Through The Window

The final flight to a familiar destination, my body sighs with relief.  You are my final stranger, the person who sits one empty chair away from me of who I do not know one bit.  I see your passport briefly, possibly from the Emirates judging from the silver cross of swords potent on the cover and the colourful shawl draped across your delicate face.

Your body is tiny in comparison to my towering torso and broad hulking shoulders. You curl up in your seat as soon as the plane starts to taxi, covering your head fully and aiming for a fitful fifty minute sleep.  I am envious of this talent, I can only stare straight ahead, dipping into a satirical magazine to ease my boredom.  This is the shortest flight that I have been on for some time now, but even here my eyes cannot rest.  I reacquaint myself with the politics and humour of this land, smiling to myself as the plane carries on heading to the north.

I look across from time to time, partly to see the green grass of home but also to check that you are still resting.  Your left hand is placed across your stomach, holding steady as your wrapped head lolls from time to time.  The silent movements in sleep stand in great contrast to the roar of the engines situated just a few metres from where we are.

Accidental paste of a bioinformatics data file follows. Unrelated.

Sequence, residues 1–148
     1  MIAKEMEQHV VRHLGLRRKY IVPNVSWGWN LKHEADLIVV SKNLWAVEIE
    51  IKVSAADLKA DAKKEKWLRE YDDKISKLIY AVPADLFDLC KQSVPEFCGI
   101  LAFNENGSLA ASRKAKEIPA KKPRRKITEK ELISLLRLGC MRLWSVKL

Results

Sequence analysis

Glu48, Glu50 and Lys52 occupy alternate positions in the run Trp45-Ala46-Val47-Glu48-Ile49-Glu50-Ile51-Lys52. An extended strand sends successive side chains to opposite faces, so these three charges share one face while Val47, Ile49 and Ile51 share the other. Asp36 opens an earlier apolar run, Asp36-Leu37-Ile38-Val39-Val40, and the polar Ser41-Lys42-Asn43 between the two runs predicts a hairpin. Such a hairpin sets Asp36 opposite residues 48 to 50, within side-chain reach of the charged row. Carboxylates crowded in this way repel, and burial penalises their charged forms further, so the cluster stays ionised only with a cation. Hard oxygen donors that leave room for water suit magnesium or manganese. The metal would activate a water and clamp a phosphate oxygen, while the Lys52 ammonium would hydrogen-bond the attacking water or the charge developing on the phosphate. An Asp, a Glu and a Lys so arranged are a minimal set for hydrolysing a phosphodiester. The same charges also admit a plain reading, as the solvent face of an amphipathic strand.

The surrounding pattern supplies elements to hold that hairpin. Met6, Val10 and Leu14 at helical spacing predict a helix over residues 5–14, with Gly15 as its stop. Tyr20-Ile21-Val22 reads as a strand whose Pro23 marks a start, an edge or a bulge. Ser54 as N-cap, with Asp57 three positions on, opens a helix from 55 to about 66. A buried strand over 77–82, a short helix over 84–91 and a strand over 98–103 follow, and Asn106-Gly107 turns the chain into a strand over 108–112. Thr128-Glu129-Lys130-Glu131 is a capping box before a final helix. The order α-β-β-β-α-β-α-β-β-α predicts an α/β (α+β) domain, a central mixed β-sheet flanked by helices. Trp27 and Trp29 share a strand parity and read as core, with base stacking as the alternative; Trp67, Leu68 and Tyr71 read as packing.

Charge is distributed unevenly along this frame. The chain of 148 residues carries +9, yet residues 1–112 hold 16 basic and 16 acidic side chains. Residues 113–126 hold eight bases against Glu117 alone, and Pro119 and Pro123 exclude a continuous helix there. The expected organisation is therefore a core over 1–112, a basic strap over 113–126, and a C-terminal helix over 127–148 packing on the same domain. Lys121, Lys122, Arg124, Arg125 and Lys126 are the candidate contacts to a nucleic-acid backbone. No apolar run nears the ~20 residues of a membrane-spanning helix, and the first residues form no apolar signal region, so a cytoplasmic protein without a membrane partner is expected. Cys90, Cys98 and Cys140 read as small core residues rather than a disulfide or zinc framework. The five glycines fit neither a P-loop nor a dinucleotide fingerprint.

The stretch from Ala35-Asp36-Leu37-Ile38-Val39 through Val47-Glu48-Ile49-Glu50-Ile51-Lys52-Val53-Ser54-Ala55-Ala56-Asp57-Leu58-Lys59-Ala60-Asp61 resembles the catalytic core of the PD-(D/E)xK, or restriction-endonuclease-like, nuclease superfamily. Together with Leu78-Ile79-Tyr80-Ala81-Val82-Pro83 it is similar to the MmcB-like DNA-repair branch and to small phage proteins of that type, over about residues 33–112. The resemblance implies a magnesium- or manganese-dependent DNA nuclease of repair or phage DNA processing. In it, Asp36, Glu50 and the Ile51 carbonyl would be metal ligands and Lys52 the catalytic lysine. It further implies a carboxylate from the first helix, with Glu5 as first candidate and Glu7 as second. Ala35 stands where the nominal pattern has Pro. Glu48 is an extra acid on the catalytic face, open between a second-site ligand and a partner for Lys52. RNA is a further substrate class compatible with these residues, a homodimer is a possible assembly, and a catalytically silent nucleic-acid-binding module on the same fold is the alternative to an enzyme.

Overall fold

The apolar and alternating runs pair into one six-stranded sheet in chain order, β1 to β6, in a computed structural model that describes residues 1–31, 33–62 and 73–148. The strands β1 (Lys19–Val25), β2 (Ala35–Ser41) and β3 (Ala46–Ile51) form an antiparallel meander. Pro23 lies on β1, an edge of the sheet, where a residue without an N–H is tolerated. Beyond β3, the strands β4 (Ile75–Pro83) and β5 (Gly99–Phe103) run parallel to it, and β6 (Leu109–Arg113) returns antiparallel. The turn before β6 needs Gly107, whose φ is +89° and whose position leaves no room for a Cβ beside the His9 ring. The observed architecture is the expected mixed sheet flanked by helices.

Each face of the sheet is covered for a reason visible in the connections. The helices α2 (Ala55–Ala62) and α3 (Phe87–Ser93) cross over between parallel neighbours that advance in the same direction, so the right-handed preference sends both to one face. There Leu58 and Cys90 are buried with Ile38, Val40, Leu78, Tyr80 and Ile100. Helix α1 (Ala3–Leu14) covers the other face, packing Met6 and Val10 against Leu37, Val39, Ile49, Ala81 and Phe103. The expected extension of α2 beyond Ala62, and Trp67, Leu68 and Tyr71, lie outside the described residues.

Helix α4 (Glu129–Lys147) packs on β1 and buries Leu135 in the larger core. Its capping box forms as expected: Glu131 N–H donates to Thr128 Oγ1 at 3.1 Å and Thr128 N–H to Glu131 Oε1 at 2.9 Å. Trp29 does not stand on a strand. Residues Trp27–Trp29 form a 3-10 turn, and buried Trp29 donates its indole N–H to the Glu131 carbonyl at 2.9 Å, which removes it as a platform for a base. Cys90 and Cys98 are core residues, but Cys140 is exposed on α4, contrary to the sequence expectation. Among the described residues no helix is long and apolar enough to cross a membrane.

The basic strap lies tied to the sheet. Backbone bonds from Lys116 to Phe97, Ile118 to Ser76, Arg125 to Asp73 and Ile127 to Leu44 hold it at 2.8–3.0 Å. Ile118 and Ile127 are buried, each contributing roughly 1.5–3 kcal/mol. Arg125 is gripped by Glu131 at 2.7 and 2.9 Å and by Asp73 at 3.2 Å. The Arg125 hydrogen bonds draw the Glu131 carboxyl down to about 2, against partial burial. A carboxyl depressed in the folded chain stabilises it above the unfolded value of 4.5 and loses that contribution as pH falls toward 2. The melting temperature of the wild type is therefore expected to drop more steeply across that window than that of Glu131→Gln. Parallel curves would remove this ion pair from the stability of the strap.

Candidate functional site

We smile at one another as I let you pass me by to get into the aisle, we have arrived at our destination and I am glad.  I am finally home whilst you, I feel, may be very far from it but I hope you find a home here too and a loving family of friends.

Advertisements

The Spider

I remember as if it were yesterday, the thick legs creeping slowly around the side of the cobwebbed decorated bag with all the inevitability of death itself.  I howled, even as I jerked the bag onto the surface of the bed and I could see for the first time that this large spider was aged, weary of life.

It had none of the vitality of its younger form; it didn’t embody the free spirit of jazz scuttling here and there, enticed by the possibility of finding a mate.  It was stately, as if to query who would dare to wake it from its slumber in the bag I had so little used and within which it had made its final home.

I crushed it quickly and fully, the circular body being beaten flat with the legs retracting close to its lifeless form.  I covered the body with a cup, afraid to see the results of my own actions.

In my dreams it haunts me still.

Home

First step up the ladder,
is the hardest they say, as we sit and sigh
in meeting after meeting where the rooms look good,
photos look even better, another rat hole, small pit,
infested, full of tits, nothing wrong
but the size of the picture.

Review after review after review, each dangling
the same beautiful bait: an affordable home.

Each set their trap in their own way, despondent
resplendent resident, a land owner, herds us round,
but he ain’t nothing but ground down by the strangers feet that,
day after day, trudge through their home, second home,
third best, first worst.

It’s the safest financial asset that you’ll ever make –
banker checks his purse and smiles, pushes across the table
how much we can just afford, give or take a decade or two,
it’s a dice throw, a chance shot in the dark for a stable home,
a sweet Rome, a capital for two.

We’ll get there I know it, though it’s just another view, another chance remark
that’ll throw me off the scent of this time well spent.